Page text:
Vastern Timber Press Releases

Discussing resilient supply chains & biomaterials on the WoodBUILD podcast

In a new podcast, Tom Barnes, MD of Vastern Timber says “The interest is growing in materials that have a negligible carbon impact, and that puts wood front and center when it comes to considering how we are going to build in the future.”

The WoodBUILD podcast, hosted by David Hedges at WoodKnowledge Wales, features Tom Barnes and Andrew Bronwin talking about trees and timber. The podcast is out now, at

During this wide ranging discussion, Tom Barnes, says “Brexit and covid and climate change together has really started to focus people’s minds on the resilience of supply chains.”

“At the start of the pandemic there were issues around toilet roll in supermarkets, but actually within our industry there were big problems with getting basic constructional timbers during the early stages of covid, just the normal carcassing timbers that would have come from abroad. There’s been all sorts of problems with shipping timber from other parts of the world, related to covid and other other global issues.”

“I’ve noticed this has really started to turn up on the agenda of clients, at the end of the supply chain and also the merchants supplying them. And I’m hearing more and more people trying to get a handle on where their products are coming from. I’ve spoken to big construction clients and big building owners clients who are starting to really look at every single part of the building – whether it’s for retrofit or for new build – and trying to understand where these products are coming from, and in many cases being quite surprised at how far they’ve traveled.”

Tom goes on to say “there are many of these things that we can supply closer to home and timber – to some extent – is one of them.”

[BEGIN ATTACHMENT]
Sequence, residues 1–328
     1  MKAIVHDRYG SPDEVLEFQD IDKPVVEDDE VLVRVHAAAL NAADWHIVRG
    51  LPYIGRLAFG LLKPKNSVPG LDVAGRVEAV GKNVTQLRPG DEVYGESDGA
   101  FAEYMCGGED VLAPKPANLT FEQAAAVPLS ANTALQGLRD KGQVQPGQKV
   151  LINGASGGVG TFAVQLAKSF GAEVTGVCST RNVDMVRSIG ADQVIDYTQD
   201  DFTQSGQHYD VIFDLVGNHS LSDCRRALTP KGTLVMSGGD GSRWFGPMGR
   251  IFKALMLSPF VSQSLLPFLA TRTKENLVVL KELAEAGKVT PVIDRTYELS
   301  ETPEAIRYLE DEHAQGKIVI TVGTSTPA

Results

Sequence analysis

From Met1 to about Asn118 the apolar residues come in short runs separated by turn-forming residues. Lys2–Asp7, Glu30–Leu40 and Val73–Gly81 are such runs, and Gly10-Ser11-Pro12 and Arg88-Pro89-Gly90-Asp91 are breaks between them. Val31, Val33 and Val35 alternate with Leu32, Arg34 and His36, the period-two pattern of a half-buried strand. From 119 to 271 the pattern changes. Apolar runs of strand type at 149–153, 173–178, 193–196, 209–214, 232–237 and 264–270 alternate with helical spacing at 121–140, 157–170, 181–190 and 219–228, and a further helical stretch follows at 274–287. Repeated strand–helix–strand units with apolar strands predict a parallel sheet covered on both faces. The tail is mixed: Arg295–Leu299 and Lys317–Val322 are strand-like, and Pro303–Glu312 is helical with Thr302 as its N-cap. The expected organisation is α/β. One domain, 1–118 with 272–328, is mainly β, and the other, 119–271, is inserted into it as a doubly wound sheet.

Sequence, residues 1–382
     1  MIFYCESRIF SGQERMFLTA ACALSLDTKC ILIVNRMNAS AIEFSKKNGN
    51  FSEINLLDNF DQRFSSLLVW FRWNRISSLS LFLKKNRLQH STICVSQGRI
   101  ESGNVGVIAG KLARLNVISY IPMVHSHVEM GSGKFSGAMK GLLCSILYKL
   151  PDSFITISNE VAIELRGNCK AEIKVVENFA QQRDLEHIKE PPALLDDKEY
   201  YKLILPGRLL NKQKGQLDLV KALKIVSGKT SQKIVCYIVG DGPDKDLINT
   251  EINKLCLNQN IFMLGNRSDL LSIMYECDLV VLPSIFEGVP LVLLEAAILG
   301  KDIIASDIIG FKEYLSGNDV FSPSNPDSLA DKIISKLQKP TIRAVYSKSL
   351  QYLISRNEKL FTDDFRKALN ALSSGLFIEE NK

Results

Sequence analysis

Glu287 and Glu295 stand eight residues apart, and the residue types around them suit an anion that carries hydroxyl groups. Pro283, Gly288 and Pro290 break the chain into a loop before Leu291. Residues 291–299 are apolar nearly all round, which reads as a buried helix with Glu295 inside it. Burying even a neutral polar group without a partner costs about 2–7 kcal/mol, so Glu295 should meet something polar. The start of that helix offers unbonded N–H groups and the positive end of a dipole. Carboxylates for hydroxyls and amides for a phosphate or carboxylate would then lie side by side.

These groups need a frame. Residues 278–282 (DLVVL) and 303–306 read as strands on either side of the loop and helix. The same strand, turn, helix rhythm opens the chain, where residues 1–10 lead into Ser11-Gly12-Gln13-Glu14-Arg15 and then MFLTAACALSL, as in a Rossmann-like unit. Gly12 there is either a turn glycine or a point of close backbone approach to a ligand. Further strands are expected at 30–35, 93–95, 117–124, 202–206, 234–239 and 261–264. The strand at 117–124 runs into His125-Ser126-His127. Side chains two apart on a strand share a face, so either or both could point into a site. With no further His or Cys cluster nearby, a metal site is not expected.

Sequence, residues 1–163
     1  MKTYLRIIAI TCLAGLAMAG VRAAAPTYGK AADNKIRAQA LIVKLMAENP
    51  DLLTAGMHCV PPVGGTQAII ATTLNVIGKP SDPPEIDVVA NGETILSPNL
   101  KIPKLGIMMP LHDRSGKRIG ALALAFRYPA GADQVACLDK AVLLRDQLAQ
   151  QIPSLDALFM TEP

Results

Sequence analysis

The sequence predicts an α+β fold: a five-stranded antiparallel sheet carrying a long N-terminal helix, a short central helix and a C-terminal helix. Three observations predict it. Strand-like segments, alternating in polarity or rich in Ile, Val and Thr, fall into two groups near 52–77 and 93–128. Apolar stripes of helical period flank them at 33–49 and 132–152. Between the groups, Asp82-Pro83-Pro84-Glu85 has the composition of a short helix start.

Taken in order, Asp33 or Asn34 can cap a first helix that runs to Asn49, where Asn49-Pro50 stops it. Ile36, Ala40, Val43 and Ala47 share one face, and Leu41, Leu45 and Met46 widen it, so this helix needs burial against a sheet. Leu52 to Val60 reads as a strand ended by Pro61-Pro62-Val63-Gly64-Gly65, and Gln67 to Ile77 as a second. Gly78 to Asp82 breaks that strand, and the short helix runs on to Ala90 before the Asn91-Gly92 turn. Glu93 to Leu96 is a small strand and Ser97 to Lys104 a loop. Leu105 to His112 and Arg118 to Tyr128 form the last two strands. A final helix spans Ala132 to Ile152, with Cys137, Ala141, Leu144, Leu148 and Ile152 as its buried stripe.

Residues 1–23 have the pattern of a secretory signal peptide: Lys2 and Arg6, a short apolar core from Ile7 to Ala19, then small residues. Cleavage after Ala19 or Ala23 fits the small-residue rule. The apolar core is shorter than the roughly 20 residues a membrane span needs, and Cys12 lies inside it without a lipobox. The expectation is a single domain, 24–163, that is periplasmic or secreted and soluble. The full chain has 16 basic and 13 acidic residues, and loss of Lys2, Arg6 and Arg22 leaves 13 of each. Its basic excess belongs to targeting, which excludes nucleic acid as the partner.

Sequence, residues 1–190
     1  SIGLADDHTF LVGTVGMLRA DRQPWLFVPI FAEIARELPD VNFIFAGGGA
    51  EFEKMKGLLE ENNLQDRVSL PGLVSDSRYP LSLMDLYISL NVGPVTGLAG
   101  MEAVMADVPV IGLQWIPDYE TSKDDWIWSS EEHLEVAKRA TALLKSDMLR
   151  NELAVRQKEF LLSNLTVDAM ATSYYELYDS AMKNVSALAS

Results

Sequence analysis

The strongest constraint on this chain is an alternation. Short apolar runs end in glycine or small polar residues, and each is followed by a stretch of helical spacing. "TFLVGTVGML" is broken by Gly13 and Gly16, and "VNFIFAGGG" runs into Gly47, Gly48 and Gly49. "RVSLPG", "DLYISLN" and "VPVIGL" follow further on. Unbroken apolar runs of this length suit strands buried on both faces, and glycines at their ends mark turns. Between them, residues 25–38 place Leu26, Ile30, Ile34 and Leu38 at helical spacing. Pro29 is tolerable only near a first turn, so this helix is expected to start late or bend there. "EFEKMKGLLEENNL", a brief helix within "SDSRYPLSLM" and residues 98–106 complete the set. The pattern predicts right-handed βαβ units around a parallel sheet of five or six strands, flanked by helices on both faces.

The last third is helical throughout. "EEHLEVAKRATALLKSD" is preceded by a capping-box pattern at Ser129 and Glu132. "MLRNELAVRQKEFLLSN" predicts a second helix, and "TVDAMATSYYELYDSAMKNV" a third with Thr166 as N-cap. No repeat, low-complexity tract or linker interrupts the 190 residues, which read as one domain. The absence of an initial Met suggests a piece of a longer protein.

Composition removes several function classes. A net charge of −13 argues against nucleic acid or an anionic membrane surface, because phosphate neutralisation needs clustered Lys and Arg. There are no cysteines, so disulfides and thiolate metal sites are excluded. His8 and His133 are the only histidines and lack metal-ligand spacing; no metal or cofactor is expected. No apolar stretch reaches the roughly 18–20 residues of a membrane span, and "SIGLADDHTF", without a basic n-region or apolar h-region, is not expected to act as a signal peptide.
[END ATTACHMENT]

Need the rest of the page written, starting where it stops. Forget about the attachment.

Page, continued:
Discussing climate change more specifically, Tom said “clearly there are big negative consequences, and for me they manifest themselves mainly through disease. It is fairly depressing when you start to look through the list of wood species we have in these countries and diseases and pests and pathogens that are associated with them. I do start to think, well, what on earth are we going to be processing in 10 years 20 years time?” “Already in my career I’ve watched elm all but disappear from the list of commercial species that we can process. We’re in the process of watching ash disappear which is upsetting because it’s such a wonderful species. We’ve got problems with larch, we’ve got problems with oak, we’ve got problems with chestnut. It’s associated with climate change because the slight changes or increases in temperature allow these pests and pathogens to move and it’s also associated with global movement of product.”

However on the upside, I think the recognition of climate change and its impacts is really leading to a resurgence of interest in biomaterials, with wood being one of them. The interest is growing in materials that have a negligible carbon impact, and that puts wood front and center when it comes to considering how we are going to build in the future. That’s a positive thing and that’s something that I hold on to.

Listen to the podcast at

For more information, visit

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